Mary Jo Kopechne’s death, and the total lack of consequences that befell Kennedy in its aftermath, remained a right-wing talking point for years and was used by conservatives as a kind of feminist gotcha that was eventually only superseded by allegations sexual harassment and assault against Bill Clinton. Still, when feminists point out our current president’s misogyny and the deep hypocrisy of his base, the rebuttals range from Juanita Broaddrick to Chappaquiddick. The argument seems to be: You guys did it, so now we get to, too.
Leaving aside the total moral bankruptcy of this position, it’s telling that the most recent right-wing sexual assault gotcha is a quarter-century old. Democrats and liberals have been, and continue to be, as guilty as anyone when it comes to powerful men abusing women for sport. But as women have gained more power in progressive politics, and as feminists in particular have had a stronger influence on liberal culture and Democratic policy, the old rules of white male impunity are being eclipsed by new expectations of equality and fundamentally decent behavior. Men on the left still get away with far too much, but more and more of them are being held accountable than ever.
And the feminist defense of Bill Clinton was...what, exactly? Evolution? https://t.co/p8JoVbrwzt— Ashe Schow (@AsheSchow) April 7, 2018
Is leaving a woman to drown in a channel and not reporting it for 10 hours the basis for measure? https://t.co/X9PkWW4NpR— Dana Loesch (@DLoesch) April 6, 2018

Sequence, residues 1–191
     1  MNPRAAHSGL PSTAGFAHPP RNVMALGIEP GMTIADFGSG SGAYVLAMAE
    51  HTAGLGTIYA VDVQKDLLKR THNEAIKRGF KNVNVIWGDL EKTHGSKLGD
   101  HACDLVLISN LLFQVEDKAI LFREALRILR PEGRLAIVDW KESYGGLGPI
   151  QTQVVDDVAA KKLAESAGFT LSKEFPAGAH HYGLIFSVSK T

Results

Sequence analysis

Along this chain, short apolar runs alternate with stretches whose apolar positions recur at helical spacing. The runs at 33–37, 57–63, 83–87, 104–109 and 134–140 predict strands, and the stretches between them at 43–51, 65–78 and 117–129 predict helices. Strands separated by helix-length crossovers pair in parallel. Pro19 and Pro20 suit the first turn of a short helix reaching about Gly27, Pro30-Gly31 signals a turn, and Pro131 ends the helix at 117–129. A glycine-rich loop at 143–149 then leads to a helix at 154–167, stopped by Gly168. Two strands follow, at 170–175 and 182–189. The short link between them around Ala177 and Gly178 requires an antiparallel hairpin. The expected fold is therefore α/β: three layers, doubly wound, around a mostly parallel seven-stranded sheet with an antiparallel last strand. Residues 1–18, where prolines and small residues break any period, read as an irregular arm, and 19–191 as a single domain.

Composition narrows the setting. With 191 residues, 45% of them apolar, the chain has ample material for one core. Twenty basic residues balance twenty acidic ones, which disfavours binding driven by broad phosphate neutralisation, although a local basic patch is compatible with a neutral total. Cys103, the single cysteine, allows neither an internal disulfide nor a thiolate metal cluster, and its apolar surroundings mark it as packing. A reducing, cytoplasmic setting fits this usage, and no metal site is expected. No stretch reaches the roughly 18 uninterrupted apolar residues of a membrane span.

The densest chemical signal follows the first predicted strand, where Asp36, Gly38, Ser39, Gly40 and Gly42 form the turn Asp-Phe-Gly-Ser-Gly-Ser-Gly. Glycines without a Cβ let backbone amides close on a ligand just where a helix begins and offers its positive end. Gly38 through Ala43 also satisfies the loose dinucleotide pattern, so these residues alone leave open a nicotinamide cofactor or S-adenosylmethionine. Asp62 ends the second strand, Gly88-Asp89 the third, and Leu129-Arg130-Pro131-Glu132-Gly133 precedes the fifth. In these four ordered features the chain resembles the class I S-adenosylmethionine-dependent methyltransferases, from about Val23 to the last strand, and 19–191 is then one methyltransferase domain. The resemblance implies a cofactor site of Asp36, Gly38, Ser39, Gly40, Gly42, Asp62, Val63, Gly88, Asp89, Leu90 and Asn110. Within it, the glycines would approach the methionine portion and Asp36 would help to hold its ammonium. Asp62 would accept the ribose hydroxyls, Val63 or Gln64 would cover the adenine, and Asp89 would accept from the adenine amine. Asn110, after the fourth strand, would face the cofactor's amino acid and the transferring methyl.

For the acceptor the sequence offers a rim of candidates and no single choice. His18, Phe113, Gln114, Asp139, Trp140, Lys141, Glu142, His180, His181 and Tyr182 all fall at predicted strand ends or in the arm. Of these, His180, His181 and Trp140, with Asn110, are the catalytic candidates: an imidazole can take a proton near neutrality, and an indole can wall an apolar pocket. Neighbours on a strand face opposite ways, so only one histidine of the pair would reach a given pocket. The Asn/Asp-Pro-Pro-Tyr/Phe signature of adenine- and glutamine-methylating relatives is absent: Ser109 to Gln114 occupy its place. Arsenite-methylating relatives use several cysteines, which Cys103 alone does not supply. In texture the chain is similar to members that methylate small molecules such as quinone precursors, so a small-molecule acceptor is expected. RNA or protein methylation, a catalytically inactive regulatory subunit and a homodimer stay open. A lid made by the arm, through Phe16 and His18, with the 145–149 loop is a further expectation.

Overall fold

ah, yes. the *real* takeaway from the Chappaquiddick story is that Republicans mistreat women. https://t.co/CbLh3j0In3— T. Becket Adams (@BecketAdams) April 6, 2018
Well, for starters, who thinks that politics is anything but a morally bankrupt business? And while some of the right’s recent unscrupulous characters have made national headlines, like Roy Moore, none of them killed or was credibly accused of rape like the Kennedys and Clintons respectively. Also, the notion that women have only benefitted in Democratic circles is absurd. A woman is running DHS, representing us in the United Nations, and taking key leadership positions on the Hill (i.e. Rep. Cathy McMorris Rodgers (R-WA)). The youngest woman ever elected to Congress, Elise Stefanik, is a Republican. Oh, and one of her opponents had this to say about her:
A Democratic congressional candidate in New York believes Rep. Elise Stefanik, R-N.Y., is a "child" and said he, like others, "have some of a sexist in us" after he was condemned for comments made about the Republican congresswoman in July.
"Elise, I recognize her, I'm not going to say a little girl, I recognize her as a child, and it has nothing to do with her age. I see her as a child because she's a child," Steve Krieg said during a candidate forum Oct. 3. "She thinks like a child. She has people set things up for her. She has people put their words in her mouth and she happily repeats them. I think, recognizing her, I would go after her in that way. I apologize if that's mean, but that's how I would do it."
"I have been accused of being a sexist for calling Elise a little girl," he said. "And I probably deserve to be called a sexist. I think most of us, if we admit it, have some of a sexist in us, some of the racist in us. It's something, if we're decent people we recognize in ourselves and we struggle with it all of our lives."